Compared to the multi-band catalogue released with KiDS-ESO-DR2, the current multi-band catalogue contains a number of additional columns:

Extinction. For every source the foreground extinction is provided. The colour excess E(BV) at the source position is transformed to the absorption A in each filter, based on the maps and coefficients by Schlegel et al. (1998). These extinctions can be directly applied to the magnitudes in the catalogue, which are not corrected for extinction.

Tile quality flag. In the absence of manual masking of severe image defects, sources in survey tiles with one or more poor quality coadded images (defined as such during visual inspection of all images) are flagged4. The bitmap value indicates which filter is affected: 1 for u, 2 for g, 4 for r, and 8 for i.

GAaP magnitudes and colours. For each filter the GAaP magnitude for each source is provided, together with the error estimate. The aperture is defined from the r-band image (see Sect. 2.4). Also included are six colours, based on the GAaP magnitudes.

Photometric homogenization. The photometric homogenization procedure (Sect. 2.5) results in zeropoint offsets for each filter in each survey tile. These offsets are included in separate columns and can be applied to the magnitude columns, which are not homogenized. Since the homogenization is based on the GAaP magnitudes, care should be taken when applying these offsets to other magnitude measurements (see Sect. 2.5).

Photometric redshifts. Results from the application of BPZ (Benítez 2000) to the homogenized and extinction-corrected GAaP magnitudes are provided in three columns: i) the best-fitting photometric redshift, ii) the ODDS (Bayesian odds) and iii) the best-fitting spectral template (see Sect. 4 for details).

Astro-WISE identifiers. To enable straightforward cross-matching, and tracing of data lineage with Astro-WISE, the identifiers of the SourceCollections, SourceLists and individual sources therein are propagated.

2.4. Gaussian Aperture and PSF photometry

For some applications, in particular photometric redshifts, reliable colours of each source are needed. For this purpose we provide “Gaussian Aperture and PSF” photometry. These fluxes are defined as the Gaussian-aperture weighted flux of the intrinsic (i.e. not convolved with the seeing PSF) source f(x,y), with the aperture defined by its major and minor axis lengths A and B, and its orientation θ: (3)where x and y are coordinates rotated by an angle θ with respect to the x and y axes.

When the PSF is Gaussian, with rms radius p, FGAaP can be related directly to the Gaussian-aperture flux with axis lengths and , measured on the seeing-convolved image. It thus provides a straightforward way to compensate for seeing differences between different images, and obtain aperture fluxes in different bands that are directly comparable (in the sense that each part of the source gets the same weight in the different bands).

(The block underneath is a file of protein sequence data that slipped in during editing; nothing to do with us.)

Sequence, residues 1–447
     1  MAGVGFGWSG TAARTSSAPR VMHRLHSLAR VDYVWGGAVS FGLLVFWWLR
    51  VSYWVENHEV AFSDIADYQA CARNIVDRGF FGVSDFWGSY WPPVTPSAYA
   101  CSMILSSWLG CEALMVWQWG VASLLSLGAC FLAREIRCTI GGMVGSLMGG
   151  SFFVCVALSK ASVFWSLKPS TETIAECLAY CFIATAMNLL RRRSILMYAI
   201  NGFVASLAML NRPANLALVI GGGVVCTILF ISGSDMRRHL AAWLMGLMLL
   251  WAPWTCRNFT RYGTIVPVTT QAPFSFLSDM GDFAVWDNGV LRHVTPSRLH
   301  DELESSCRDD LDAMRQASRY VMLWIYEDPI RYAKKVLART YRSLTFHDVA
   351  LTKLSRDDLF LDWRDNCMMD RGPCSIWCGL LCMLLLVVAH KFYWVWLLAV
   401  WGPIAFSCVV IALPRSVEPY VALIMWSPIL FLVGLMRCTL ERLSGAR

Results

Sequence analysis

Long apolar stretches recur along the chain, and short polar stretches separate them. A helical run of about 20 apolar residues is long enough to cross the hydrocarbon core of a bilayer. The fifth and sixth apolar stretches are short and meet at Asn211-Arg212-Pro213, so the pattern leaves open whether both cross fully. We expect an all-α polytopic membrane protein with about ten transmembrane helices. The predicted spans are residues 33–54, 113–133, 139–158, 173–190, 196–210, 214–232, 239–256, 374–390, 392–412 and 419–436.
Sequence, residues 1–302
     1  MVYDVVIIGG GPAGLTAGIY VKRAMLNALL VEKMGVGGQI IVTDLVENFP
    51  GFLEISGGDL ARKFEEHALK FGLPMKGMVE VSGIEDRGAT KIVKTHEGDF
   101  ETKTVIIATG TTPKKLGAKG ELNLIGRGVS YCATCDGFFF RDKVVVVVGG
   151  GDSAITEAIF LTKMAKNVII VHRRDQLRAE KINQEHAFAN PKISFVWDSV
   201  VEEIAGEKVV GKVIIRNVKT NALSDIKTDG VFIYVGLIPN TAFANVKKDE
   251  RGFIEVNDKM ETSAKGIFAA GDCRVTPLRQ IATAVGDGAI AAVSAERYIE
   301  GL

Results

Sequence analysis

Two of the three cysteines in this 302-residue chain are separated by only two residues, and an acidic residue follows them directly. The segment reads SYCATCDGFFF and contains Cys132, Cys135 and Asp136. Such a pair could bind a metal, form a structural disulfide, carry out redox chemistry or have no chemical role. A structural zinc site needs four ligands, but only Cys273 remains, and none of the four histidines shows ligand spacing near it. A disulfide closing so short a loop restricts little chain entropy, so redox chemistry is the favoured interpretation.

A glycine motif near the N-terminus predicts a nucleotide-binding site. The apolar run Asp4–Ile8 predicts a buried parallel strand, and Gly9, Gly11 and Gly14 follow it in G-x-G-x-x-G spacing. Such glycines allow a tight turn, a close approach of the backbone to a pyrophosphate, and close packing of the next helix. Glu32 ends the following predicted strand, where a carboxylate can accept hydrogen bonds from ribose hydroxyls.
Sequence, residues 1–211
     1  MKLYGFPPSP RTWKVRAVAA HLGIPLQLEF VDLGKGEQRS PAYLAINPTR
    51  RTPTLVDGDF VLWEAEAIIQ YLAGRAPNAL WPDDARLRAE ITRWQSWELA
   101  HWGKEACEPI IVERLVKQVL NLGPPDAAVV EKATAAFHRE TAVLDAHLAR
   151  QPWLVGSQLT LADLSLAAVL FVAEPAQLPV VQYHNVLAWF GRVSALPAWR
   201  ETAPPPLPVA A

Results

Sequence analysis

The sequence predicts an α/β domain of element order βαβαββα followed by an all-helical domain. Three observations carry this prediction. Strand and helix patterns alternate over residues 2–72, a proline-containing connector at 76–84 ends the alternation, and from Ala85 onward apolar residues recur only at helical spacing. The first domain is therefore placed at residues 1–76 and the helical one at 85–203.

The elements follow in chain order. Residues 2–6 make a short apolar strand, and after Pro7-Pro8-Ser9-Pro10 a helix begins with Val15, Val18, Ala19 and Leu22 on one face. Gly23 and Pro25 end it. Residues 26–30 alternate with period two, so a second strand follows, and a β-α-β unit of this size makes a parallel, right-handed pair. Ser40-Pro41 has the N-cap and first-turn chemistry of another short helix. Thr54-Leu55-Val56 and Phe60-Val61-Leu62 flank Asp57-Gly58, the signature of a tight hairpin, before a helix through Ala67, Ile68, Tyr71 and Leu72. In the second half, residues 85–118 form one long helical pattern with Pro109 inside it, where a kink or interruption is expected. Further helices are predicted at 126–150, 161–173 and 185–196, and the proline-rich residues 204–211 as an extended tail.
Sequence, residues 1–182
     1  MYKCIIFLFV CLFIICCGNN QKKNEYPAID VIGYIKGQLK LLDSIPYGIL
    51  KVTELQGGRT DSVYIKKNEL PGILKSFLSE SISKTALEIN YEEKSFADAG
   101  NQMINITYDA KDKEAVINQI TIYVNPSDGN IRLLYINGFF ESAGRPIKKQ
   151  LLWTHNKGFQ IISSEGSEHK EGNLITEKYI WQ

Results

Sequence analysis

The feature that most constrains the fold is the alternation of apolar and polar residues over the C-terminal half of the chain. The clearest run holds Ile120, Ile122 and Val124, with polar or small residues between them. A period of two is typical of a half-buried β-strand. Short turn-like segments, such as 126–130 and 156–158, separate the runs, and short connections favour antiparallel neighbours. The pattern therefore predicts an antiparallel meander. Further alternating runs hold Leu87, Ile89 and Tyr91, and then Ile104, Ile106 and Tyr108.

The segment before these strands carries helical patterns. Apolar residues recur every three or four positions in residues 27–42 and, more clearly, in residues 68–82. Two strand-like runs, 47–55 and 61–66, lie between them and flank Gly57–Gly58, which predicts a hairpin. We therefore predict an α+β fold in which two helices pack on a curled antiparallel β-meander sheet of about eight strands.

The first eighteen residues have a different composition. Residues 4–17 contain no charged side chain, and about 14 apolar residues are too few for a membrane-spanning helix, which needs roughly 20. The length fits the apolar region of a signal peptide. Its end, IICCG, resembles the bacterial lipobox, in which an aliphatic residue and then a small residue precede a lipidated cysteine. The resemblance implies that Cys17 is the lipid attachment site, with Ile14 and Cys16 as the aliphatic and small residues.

Achieving a Gaussian PSF is done via construction of a convolution kernel that varies across the image, modelled in terms of shapelets (Refregier 2003). The size of the Gaussian PSF is set so as to preserve the seeing as much as possible without deconvolving (which would amplify the noise). The resulting correlation of the pixel noise is propagated into the error estimate on FGAaP. Full details of this procedure are provided in Kuijken et al. (2015, Appendix A).

It is important to note that the GAaP fluxes are primarily intended for colour measurements: because the Gaussian aperture function tapers off they are not total fluxes (except for point sources). As a rule of thumb, for optimal S/N it is best to choose a GAaP aperture that is aligned with the source, and with major and minor axis length somewhat larger than and . In the KiDS-ESO-DR3 catalogues we set A and B by adding 0.7 arcsec in quadrature to the measured r-band rms major and minor axis radii, with a maximum of 2 arcsec.

2.5. Photometric homogenization

KiDS-ESO-DR3 contains zeropoint corrections for all 440 tiles (1760 coadds) to correct for photometric offsets, for instance due to changes in atmospheric transparency, non-availability of standard star observations during the night (in which case a default is used) or other deviations. The corrections are based on a combination of two methods. The first method is based on the overlaps of adjacent coadds for a particular passband, which we refer to as Overlap Photometry (OP). Out of the 440 tiles, 421 are part of a connected group of 10 or more survey tiles. The second method is a form of stellar locus regression (SLR) and is based on the u,g,r,i colour information of each tile.

The best OP results, determined from comparisons to SDSS DR9 (Ahn et al. 2012) stellar photometry, are obtained for the r-band. SLR works well for g, r and i, but delivers poor results in u-band. Also, SLR provides colour calibration, but no absolute calibration. For these reasons a combination of OP and SLR is used for the overall photometric homogenization. OP is used for a homogeneous, absolute r-band calibration, to which g- and i-band are tied using SLR. For the u-band we solely use an independent OP solution.

2.5.1. Overlap photometry

This method involves homogenizing the calibration within a single passband using overlapping regions of adjacent coadds. Neighbouring coadds have an overlap of 5% in RA and 10% in Dec. The OP calculations used in this release are based on the GAaP photometry (see Sect. 2.4) of point-like objects5. OP can only be used if a tile has sufficient overlap with at least one other tile. This is the case for 431 out of the 440 tiles, leaving 9 isolated tiles (singletons). These 431 tiles are divided over 10 connected groups, which contain 2, 3, 5,10, 20, 50, 65, 89, 92 and 95 members, respectively.